It's Tom Brady Day! Here are Some Things You Might Not Remember About Brady Became a NFL Starter

By Jason Lisk
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September 23, 2001, a date that will live in infamy. The date that Tom Brady, a second-year backup quarterback, came off the bench late in the fourth quarter to replace an injured Drew Bledsoe. Bledsoe took a big hit from Mo Lewis, suffering internal injuries and a concussion. Here are a collection of things from that week that you may have forgotten.

Drew Bledsoe did not initially come out of the game: Bledsoe was injured on a 3rd and 10 run, getting drilled out of bounds two yards short. The Patriots punted on the next play, and when they got the ball back in Jets’ territory after a short punt with 3:36 left, down 7, it was Bledsoe who came back out. Bledsoe completed a short pass to Marc Edwards, who fumbled. When the Patriots got the ball back again with 2:16 left and no timeouts, that’s when Brady entered the game.

The Patriots originally told sideline reporter Bonnie Bernstein that it was a coach’s decision and Bledsoe was not hurt: The first time the Patriots were questioned for their honesty in the Tom Brady era came mere seconds after it began. The game was in the late afternoon feature slot, with Bonnie Bernstein on the sideline, and Dan Dierdorf and Dick Enberg on the call. According to the Boston Globe’s story “PR Staff Misled Reporter Bernstein Unhappy with Explanation”, the team told her that Bledsoe was not replaced due to injury, and she reported as much to the booth as Brady took the field.

Dan Dierdorf said on the broadcast: “[t]here’s no question Drew Bledsoe was hurt on that out-of-bounds play.” After Bernstein’s report, Dierdorf said “Bledsoe was not replaced due to injury, and I did not misspeak.” Later, he added, “It’s not for me to call the Patriots liars.”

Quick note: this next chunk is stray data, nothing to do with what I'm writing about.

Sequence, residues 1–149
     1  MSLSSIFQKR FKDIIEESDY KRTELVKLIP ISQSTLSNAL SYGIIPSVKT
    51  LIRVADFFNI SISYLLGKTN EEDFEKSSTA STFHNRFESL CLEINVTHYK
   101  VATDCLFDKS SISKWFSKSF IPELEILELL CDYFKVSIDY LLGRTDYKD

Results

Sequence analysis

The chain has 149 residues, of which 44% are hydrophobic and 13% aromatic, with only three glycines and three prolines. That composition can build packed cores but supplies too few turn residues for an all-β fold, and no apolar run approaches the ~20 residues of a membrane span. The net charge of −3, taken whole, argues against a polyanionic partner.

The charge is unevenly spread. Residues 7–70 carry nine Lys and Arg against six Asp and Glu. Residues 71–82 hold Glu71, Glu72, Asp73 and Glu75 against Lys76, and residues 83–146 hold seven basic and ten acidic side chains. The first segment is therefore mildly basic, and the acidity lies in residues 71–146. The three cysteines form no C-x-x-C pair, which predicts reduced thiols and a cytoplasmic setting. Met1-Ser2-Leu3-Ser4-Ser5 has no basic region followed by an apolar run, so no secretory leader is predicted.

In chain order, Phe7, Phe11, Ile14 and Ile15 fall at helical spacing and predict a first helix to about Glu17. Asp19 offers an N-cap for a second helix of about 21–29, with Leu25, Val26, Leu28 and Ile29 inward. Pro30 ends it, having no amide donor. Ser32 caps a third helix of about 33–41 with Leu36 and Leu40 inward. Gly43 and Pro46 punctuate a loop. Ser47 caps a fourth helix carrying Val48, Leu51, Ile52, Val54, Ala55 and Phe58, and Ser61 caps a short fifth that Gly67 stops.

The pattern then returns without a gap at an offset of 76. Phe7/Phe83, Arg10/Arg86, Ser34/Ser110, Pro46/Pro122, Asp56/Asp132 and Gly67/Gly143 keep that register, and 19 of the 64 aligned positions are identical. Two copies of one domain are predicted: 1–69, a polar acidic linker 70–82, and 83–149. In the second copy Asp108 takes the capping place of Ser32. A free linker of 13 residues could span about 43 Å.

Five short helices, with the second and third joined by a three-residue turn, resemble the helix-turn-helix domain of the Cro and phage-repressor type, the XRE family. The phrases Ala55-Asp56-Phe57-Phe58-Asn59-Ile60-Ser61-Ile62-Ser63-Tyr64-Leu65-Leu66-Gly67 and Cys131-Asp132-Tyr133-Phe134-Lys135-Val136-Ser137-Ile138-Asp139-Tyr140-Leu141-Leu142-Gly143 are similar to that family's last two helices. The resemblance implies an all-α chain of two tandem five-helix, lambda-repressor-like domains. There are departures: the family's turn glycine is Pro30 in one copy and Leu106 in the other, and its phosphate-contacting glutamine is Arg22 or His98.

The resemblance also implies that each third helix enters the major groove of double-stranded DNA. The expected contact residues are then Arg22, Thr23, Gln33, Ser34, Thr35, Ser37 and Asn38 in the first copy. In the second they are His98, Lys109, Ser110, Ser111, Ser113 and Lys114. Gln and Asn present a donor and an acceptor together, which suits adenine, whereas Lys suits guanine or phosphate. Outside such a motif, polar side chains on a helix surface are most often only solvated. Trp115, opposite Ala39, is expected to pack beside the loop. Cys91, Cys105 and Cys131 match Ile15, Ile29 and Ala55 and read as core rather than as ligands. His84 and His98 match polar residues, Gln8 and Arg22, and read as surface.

New England Patriots quarterback Tom Brady, left, celebrates with head coach Bill Belichick after de
New England Patriots quarterback Tom Brady, left, celebrates with head coach Bill Belichick after de /

Bernstein said the following in the Globe’s piece: “If there’s a reasonable explanation, I’d like to think they’d tell me. It’s my job to get that information, but I’m not allowed to speak directly to the trainers. You have to go through the PR staff. The whole situation is discouraging to me because it’s my primary responsibility to know what’s going on on the sideline. If there was a reasonable explanation, I’d like to think they’d tell me. I’m not out to try to hurt a team by providing misinformation. But, CBS is the NFL’s TV rightsholder. We’re trying to give accurate facts and promote the game.”

Patriots publicist Stacey James explained: “The information came from the player (Bledsoe), not the coach, and we can only relay it. Dierdorf called it into question and he was right. We were wrong. Everyone at CBS did exactly what they’re supposed to do. I regret we weren’t able to provide more accurate information.”

Belichick initially said of Tom Brady starting the next week, “I don’t think we’re talking about John Elway here.”: Here’s a great quote from Belichick the next day after announcing that Brady would start at least a few weeks. “I don’t think we’re talking about John Elway here, but I don’t know how many of those there are. He’s got a good NFL arm,” Belichick said. “I really don’t think I’m going to be standing here week after week talking about the problems that Tom Brady had. I have confidence in him.”

Bob Kravitz nailed it in his preview: Yeah, yeah, Patriots fans and Bob Kravitz may not get along now, but let’s check out how things began.

From Kravitz’ preview article (“Gaudy Odds Give Colts Elite Status”) of the Patriots-Colts game, where Indianapolis was a 12-point favorite on the road.

"The number tells me three things: * The Colts have moved up to the national “A” list of serious Super Bowl contenders. * The Patriots, who stunk when Drew Bledsoe still was in possession of all his internal organs, will be woeful with somebody named Tom Brady. * The Colts ought to win this game. "

And it goes on from there. Yes, no one suspects a backup drafted in the 6th round will turn into a Hall of Famer, but Kravitz’ piece is a tour de force of arrogance and dismissiveness.

He was not alone.

However, Ken Powers of the Worcester Telegraph and Gazette said this:

OK, let’s get this over with. The Patriots- yes, your New England Patriots- will defeat the Indianapolis Colts, 35-7, this afternoon at Foxboro Stadium with quarterback Tom Brady throwing four touchdown passes in the win.

I’m not delusional, and I haven’t been smoking anything, and I’m not just being dramatic or saying this to get a rise out of people. This is going to happen. 

Could I be wrong? Sure. All someone has to do is look at my career record picking games to know that. But, if- sorry, when- I’m right, it won’t do any good to try to tell people this tomorrow; it will be too late.

Why so sure? I don’t know. I used to tell people it was a gut feeling- and it’s a pretty big gut- but after losing 97 pounds in four months, I can’t even say that any more.

Powers was wrong. The final was 44-13 New England, and Brady didn’t throw any touchdowns.

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